16. Admittedly, defendant No. 1 is not a party to the title suit. Nityananda Das under whom the plaintiff claims to be an employee in the shop is not also a party in the title suit.
To bring within the scope of second requirement, the learned counsel for opposite party No. 1 has submitted that in the written statement, he has alleged that Nityananda Das is the tenant under the partners of Bitaja Talkies. Partners of Biraja Talkies are parties in the title suit. As defendant No. 1 derived interest from Nityananda Das and Nityananda Das has derived interest from the partners of Biraja Talkies, it should be held that the second requirement is satisfied. Such a distant connection would not make the defendant No. 1 a party to the title suit. Thus, defendant No. 1 is in no way connected with the title suit and the second requirment is not satisfied.
17. Third requirement of Section 10, Civil Procedure Code, is also not satisfied. Money Suit No. 310 of 1977 and Title Suit No. 8 of 1978 have been filed in the Court of Munsif, Jajpur, and the Court is competent to grant the relief in both the suits. It is not disputed that considering the dates of institution, the money suit is the earlier instituted suit. To overcome this difficulty, learned counsel for opposite party No. 1 has submitted that on account of the written statements, the plaint was amended in the money suit denying the title of Biraja Talkies, the Firm or its partners. Thus, the date of amendment of the plaint should be taken' to be the date of institution of the suit. Institution of the suit has its own meaning and the date of amendment of plaint is not to be considered as the date of institution of the suit.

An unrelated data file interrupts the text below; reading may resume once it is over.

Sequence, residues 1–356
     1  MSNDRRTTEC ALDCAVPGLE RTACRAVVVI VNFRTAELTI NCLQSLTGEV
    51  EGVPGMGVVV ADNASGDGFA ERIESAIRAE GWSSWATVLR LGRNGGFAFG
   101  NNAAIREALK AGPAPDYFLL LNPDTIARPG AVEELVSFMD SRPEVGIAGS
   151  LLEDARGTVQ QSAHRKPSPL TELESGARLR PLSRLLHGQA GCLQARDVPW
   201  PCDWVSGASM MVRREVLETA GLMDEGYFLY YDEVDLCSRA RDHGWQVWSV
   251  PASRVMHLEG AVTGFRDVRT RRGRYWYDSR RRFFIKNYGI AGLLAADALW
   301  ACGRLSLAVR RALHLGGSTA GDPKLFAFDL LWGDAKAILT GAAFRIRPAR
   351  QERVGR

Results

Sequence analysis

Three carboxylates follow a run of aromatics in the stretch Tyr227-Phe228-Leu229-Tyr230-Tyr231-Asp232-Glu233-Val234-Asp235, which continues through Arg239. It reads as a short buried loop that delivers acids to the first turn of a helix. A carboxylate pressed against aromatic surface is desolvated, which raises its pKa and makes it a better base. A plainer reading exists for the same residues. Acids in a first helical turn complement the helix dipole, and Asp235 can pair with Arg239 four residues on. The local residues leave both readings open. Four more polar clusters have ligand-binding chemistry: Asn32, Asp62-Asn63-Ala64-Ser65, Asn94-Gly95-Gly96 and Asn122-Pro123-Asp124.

18. Trial Court has not directed the suit to be stayed under Section 10, C. P. C. It has exercised its inherent power under Section 151, Civil Procedure Code, to stay the suit.
19. It is now a settled position of law in this Court in a case reported in A. I. R. 1966 Orissa, 53 (Bansidhar Naik and Ors. v. Laxmi-prasad Patnaik) that even if Section 10 would not apply, jurisdiction could be exercised under Section 151, C. P. C. In paragraph 5, at page 54, it has been stated :
'Section 10 having no application to the present case, there is no provision in the Code which would be in conflict with the granting of stay under Section 151, C. P. C, Such grant of stay would not be against the intention of Legislature.'
It has further been held :
'the question of issuing an order to a party restraining him from proceeding with any other suit in a regularly constituted Court of law deserves great care and consideration, and as such, an order is not to be made unless absolutely essential for the ends of justice.'
In paragraph 6, at page 55, it has been held :
'the legal position it thus clear that the Court has inherent powers to grant stay under Section 151 of the Code, the only question is whether it should be granted in the facts and circumstances of this case.'
20. It is true that a discretion properly used is not to be interfered with in exercise of the revisional power. In AIR 1966 Orissa, 53 ( Bansidhar Naik v. Laxmiprasad Patnaik ) the revisional power was exercised on the finding that on the misconception that Section 151 of the Code, has no application in the facts and circumstances of the case, the learned Munsif failed to exercise his jurisdiction vested in him. In the present Civil Revision, the matter is reverse. The learned Munsif has exercised his jurisdiction in attracting the inherent power on the misconception that Section 151 of the Code, would be applicable in the facts and circumstances of this case. As I have already held that the money suit and the title suit are widely different excepting that the house in both the suits is the same, the exercise of the inherent-power is exercise of jurisdiction with material irregularity and High Court in exercise of the powers under Section 115(1)(c), Civil Procedure Code, can interfere with such exercise of power.
21. In the result, the Civil Revision is allowed. But in the circumstances, there will be no order for costs.